Pratima Pujari, 52, is a landless daily wage earner from Koiguda, a small hamlet in the outskirts of Nabarangpur town. The one thing that keeps her family of four — which includes a son, daughter-in-law and grandson — going is their monthly ration of 25 kg of rice at Rs 1/kg and four litres of kerosene at Rs 15/litre.
“Everybody gets their quota of rice and kerosene on the 10th of every month. There may be occasional half-a-litre or so shortfall in kerosene, but never in rice,” said Jugdev Jani, who farms four acres at Sanakumari village in Umerkote block.
Pujari and Jani, both adivasis from Bhatra and Kandha communities respectively, personify a district that is India’s poorest, yet not hungry in the conventional sense. Here, poverty lies in low incomes, limited growth and employment opportunities, and lack of access to basic infrastructure and public services.
“Poverty here isn’t about two square meals or people going to bed hungry,” said Rashmita Panda, Nabarangpur’s district collector.
There is some truth to these assertions. Nabarangpur district has 261,432 families with ration cards, covering 95.5 per cent of the district’s total 273,663 households as per the 2011 Census.
The 261,432 ration cards include 110,320 issued to those below poverty line, 41,675 above poverty line and 54,246 PLO (poor left out) households, who get 25 kg of rice each per month at Rs 1/kg. In addition, there are 51,539 Antyodaya Anna Yojana ‘poorest-of-the-poor’ families (whose entitlement is 35 kg at Rs 1/kg), 1,733 Annapurna scheme beneficiaries (senior citizens who get 10 kg free rice every month), and 1,919 disabled persons (10 kg at Rs 1/kg).
“We have ensured every family, barring a few, gets a minimum quantity of rice at Rs 1/kg and no one goes hungry,” said Ramesh Padhi, the civil supplies officer of Nabarangpur. There are lessons in this for governments, including in West Bengal where there have been reports of starvation deaths in the northern tea-growing districts, especially Alipurduar and Jalpaiguri.
There are a total of 192 fair price shops in the 10 blocks and two municipalities of Nabarangpur. The bulk of these are managed by gram panchayats (158) or women’s self-help groups (32). The latter also run 486 of the district’s 553 kerosene retail outlets, which is also seen to exercise check on diversion.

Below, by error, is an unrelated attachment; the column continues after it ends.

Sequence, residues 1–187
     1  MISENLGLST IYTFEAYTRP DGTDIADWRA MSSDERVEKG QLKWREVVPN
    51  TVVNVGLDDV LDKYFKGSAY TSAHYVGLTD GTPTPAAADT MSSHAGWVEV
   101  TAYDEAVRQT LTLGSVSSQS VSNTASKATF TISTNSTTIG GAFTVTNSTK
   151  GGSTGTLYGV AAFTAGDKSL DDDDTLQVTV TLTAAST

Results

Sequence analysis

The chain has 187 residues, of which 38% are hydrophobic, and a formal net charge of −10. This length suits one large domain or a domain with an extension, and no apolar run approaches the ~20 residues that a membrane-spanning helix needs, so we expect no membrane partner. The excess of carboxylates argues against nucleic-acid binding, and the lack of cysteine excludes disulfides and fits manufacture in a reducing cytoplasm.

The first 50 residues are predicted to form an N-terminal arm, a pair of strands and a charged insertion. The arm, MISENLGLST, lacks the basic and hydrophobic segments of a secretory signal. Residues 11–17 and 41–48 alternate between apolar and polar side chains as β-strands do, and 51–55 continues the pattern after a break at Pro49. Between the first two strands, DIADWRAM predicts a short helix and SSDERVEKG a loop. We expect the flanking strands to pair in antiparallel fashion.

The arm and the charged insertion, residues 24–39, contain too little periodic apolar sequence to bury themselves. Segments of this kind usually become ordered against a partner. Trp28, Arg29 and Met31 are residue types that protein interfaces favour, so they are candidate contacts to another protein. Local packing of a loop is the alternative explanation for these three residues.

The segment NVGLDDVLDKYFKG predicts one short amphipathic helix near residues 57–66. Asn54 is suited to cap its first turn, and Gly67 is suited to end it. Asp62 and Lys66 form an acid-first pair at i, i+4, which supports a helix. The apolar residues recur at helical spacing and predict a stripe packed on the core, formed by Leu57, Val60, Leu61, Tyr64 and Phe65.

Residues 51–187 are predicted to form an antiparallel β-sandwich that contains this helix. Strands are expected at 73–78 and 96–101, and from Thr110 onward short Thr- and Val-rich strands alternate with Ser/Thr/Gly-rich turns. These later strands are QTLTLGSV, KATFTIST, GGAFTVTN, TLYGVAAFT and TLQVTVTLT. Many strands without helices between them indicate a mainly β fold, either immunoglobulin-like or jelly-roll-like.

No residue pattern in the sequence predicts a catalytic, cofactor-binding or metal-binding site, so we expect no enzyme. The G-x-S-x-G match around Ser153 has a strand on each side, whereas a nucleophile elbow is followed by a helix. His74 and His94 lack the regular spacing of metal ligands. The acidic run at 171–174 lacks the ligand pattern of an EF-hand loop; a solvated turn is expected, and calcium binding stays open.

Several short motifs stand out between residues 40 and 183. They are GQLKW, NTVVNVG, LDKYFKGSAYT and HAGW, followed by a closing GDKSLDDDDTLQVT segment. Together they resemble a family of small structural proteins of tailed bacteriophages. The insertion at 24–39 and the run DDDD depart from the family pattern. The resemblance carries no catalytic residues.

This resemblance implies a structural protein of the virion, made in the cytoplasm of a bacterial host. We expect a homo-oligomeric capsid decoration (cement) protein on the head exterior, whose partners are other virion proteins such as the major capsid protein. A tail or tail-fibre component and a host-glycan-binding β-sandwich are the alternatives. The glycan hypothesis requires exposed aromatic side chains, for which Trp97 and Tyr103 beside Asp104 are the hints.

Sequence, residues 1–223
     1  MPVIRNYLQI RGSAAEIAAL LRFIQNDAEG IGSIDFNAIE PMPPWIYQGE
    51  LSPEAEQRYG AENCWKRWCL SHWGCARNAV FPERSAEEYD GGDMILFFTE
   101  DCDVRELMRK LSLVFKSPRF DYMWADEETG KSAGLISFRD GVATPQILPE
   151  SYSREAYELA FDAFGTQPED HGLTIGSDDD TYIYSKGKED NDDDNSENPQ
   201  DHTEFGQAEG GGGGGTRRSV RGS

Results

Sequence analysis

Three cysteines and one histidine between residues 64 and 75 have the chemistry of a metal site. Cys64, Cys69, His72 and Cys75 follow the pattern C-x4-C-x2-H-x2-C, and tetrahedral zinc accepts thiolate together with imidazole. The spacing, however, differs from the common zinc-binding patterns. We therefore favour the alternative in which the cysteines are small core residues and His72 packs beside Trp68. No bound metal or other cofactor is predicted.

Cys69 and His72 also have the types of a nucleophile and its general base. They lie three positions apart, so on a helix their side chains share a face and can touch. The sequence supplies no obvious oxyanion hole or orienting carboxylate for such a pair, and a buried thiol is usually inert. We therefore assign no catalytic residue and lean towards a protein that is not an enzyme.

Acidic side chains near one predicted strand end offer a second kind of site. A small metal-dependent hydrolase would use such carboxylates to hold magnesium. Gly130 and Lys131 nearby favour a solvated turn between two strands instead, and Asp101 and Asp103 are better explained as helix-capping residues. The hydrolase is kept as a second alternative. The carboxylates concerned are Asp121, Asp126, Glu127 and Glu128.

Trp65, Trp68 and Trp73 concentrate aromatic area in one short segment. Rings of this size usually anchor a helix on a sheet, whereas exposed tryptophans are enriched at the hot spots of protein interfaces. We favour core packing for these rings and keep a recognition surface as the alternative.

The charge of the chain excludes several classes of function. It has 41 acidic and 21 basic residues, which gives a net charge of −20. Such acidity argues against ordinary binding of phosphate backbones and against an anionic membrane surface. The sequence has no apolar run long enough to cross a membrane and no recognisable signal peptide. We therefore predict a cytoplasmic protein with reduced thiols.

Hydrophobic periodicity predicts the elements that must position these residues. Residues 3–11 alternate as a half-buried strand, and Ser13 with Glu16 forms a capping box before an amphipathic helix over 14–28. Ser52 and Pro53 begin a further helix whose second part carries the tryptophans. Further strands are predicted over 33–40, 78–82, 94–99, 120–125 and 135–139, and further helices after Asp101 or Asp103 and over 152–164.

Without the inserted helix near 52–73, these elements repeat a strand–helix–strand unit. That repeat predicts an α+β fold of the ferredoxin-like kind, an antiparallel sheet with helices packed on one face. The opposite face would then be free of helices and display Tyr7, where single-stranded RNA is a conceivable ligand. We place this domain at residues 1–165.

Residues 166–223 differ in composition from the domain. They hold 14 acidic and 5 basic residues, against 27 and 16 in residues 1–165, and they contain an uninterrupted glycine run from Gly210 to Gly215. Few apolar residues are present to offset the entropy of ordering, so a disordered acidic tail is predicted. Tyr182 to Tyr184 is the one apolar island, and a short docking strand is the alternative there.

Interestingly, the incidence of diversion is said to be the least in Maoist-dominated blocks of Jharigam, Chandahandi and Raighar. “They actually act as informal enforcement squads, undertaking surprise inspections to check whether grain is being properly distributed,” said a district official on condition of anonymity.
Ironically, the implementation of the National Food Security Act (NFSA) from next month will bring down the number of public distribution system (PDS) beneficiaries in Nabarangpur.
“The NFSA prescribes criteria for exclusion of households like those who are income tax payers, draw monthly income of more than Rs 10,000 in rural and Rs 15,000 in urban areas, or own tractors and four-wheelers. We expect the overall coverage to fall to around 86 per cent as a result. The monthly PDS grain allocation will also come down from 7,000 to 5,600-5,800 tonnes,” said Padhi.
Nabarangpur, significantly, is a rice surplus district, producing twice its own consumption requirement.
Nabarangpur’s poverty explained
What makes Nabarangpur poor even though over 95 per cent of families in the district get 25 kg rice at Rs 1 per kg every month?
The answer is low incomes, limited growth and employment opportunities, and lack of access to basic infrastructure and public services.
To start with, there is hardly any industry in Nabarangpur, apart from small-scale rice mills, a smattering of cashew processing units and a struggling medium density fibreboard manufacturing company (Mangalam Timber Products) that reported a loss of Rs 10 crore on sales of below Rs 40 crore in 2014-15.
This is unlike even neighbouring Koraput district, which has, among other things, National Aluminium Company’s complex at Damanjodi, Hindustan Aeronautics Ltd’s engine division at Sunabeda and Ballarpur Industries’ paper manufacturing unit at Jeypore. Nabarangpur doesn’t even a railway line of its own.
All this is reflected in data beyond mere rice production and consumption. Nabarangpur’s per capita income or net domestic product at factor cost for 2010-11 (the last year for which comparable figures are available), at Rs 23,473, was just over 40 per cent of the corresponding all-India average of Rs 54,710.
The district’s literacy rate of 46.43 per cent in 2011 was similarly lower than the average for not only India (74.04 per cent), but also Odisha (72.87 per cent). The disparity was even more for female literacy, where the corresponding rates were 35.80, 65.46 and 64.01 per cent.
The same goes for provisioning of basic infrastructure.
According to the 2011 Census, only 12.6 per cent homes in Nabarangpur had electricity, against 67.2 per cent for all-India. In 86.1 per cent of houses, the main source of lighting was kerosene. Further, only 3.4 per cent households had LPG connections, as compared to the national average of 28.5 per cent. 86.6 per cent of Nabarangpur’s families used firewood as fuel for cooking. Likewise, just 9.3 per cent of its homes had latrines within premises and 87.3 per cent had no drainage link for wastewater, whereas these ratios were 46.9 per cent and 48.9 per cent at the all-India level. The poverty of Nabarangpur comes out equally in various other standard of living indicators. In 2011, only 24.1 per cent of its households availed of banking services, 7.7 per cent had motorised two-wheelers, and 18.5 per cent owned mobile phones and 8.6 televisions, as against their respective national averages of 58.7, 21, 53.2 and 47.2 per cent.
All these make for a district that is desperately poor even if not hungry.